I ALWAYS GET FINISH LINE NERVES towards the end of long journeys. And my final day of the Ho Chi Mission was no different. During the last six weeks The Pink Panther and I had clunked 3000 km through three countries, taking on every type of tropical terrain imaginable. The journey had by no means been incident free: Panther had had several engine rebuilds and was partially held together with cable-ties, and I now had a large scar across my left shin. But otherwise, we were recognisable as the same beings who had set sail from Hanoi all those weeks earlier. With only 50 km to cover until we hit Saigon I couldn’t bear the thought of something happening to us in the dying strides…..
I spent the last night of the journey in a dive of a hotel near the Cu Chi tunnel complex, 50 km north-west of Saigon. Sleep remained elusive, and I lay awake thinking about everything that had happened since I’d left Hanoi. The faces of all the people who’d helped me drifted through my consciousness. I thought of those days in Laos when I’d fought to get Panther through the mud, sand and mountains. And I shuddered at that dreadful time in the Cambodian jungle, when for a few hours I really thought I wasn’t going to make it out alive. But more than anything else, my mind dwelt on the war and how awful and pointless it had all been. Millions of men, women and children from Vietnam, Laos, Cambodia, America, Thailand, Australia, South Korea, New Zealand and the Philippines died*. Tens of thousands have died since from UXO and the after effects of Agent Orange. And for what? Next week I would be going home. 58,209 young Americans never got that luxury.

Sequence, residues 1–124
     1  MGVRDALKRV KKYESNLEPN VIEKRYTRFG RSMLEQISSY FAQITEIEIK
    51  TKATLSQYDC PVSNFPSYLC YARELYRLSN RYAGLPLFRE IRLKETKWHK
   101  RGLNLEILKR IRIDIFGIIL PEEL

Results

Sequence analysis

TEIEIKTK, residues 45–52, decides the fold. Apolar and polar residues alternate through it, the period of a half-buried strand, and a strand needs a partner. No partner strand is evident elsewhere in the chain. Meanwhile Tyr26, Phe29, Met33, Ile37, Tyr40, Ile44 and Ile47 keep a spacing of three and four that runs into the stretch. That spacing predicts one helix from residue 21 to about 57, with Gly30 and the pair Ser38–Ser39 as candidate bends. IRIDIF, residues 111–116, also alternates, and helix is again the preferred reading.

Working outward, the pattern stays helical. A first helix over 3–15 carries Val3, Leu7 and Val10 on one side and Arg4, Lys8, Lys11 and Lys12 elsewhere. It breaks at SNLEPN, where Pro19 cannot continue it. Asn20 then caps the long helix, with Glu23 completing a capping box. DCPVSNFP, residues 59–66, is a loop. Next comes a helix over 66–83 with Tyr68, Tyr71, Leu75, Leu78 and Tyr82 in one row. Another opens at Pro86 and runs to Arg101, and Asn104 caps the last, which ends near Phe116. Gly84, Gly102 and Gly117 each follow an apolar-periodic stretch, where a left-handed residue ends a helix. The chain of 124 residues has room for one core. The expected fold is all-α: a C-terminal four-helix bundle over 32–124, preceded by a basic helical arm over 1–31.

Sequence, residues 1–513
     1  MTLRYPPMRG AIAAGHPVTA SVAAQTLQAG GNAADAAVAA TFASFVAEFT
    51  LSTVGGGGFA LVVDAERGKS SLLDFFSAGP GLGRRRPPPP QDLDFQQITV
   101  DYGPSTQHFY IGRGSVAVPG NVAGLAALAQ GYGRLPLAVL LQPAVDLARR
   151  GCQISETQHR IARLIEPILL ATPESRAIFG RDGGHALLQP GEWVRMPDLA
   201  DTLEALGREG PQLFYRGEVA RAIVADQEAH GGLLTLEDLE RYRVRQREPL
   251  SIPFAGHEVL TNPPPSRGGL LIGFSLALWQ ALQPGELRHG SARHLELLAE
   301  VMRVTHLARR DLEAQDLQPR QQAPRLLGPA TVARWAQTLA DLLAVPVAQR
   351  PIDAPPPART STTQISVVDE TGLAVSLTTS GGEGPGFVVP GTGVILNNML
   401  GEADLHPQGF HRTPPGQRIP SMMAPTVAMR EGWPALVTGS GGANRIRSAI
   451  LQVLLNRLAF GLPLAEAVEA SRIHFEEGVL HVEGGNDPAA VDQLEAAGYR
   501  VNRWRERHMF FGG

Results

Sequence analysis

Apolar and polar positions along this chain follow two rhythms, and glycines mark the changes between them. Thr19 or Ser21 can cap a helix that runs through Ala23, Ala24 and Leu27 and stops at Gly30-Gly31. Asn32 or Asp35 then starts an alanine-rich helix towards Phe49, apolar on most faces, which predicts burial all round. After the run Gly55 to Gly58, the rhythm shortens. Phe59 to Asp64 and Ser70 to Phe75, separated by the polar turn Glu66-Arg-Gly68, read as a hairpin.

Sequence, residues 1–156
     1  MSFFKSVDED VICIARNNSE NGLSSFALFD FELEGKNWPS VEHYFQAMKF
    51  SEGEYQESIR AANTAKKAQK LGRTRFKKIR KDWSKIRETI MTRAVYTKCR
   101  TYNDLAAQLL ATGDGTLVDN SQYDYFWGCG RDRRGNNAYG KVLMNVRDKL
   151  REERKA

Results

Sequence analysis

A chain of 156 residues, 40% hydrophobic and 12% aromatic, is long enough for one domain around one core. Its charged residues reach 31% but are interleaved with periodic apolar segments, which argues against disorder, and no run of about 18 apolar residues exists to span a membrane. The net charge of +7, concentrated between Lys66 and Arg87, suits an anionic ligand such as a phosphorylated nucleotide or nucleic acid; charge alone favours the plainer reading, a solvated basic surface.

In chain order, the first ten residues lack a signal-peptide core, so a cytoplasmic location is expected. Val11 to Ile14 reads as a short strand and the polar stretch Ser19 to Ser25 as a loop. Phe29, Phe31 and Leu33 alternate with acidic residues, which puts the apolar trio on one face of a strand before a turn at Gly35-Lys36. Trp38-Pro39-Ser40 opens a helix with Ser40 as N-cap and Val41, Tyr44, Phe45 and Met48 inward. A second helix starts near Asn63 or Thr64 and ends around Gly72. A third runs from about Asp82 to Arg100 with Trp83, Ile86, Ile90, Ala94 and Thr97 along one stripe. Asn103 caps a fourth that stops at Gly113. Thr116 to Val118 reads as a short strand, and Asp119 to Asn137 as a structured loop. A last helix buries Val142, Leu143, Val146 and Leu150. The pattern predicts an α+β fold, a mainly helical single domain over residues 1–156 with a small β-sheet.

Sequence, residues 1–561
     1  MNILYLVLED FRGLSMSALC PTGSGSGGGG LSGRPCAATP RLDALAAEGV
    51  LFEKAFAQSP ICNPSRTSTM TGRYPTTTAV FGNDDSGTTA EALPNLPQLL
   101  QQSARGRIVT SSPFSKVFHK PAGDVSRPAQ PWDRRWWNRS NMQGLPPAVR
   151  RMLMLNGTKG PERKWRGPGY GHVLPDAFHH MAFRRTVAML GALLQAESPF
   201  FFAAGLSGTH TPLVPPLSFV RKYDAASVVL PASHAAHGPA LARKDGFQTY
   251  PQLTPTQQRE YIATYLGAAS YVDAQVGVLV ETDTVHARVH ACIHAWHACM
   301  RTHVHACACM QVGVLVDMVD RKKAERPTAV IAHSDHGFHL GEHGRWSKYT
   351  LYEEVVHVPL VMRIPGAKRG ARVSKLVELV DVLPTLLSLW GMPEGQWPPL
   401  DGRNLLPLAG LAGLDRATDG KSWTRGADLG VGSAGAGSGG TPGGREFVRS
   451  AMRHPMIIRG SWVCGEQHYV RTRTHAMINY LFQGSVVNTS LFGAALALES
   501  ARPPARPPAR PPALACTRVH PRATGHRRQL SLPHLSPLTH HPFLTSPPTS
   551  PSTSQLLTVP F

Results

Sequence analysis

I self-medicated with an industrial dose of coffee in the morning, checked Panther’s oil, fuel, tyres, chain and brakes, loaded my panniers for the last time and cranked the kickstart. It was a public holiday and the road south towards Saigon was even more thronged with people and traffic than usual. Teenage girls cycled in flowing white ao dai’s, mopeds laden with families, watermelons, pigs and mattresses streamed past. Old men tottered obliviously along the roadside. Carts pulled by gleaming, noble oxen trundled by. And through the middle of it all roared kamikaze buses and vast Kamaz trucks. All this on a narrow single track road. In a bid to survive the multi-directional vehicular onslaught I pootled along at a geriatric 30 km/h, swerving the lawless river of traffic that assaulted me from every direction.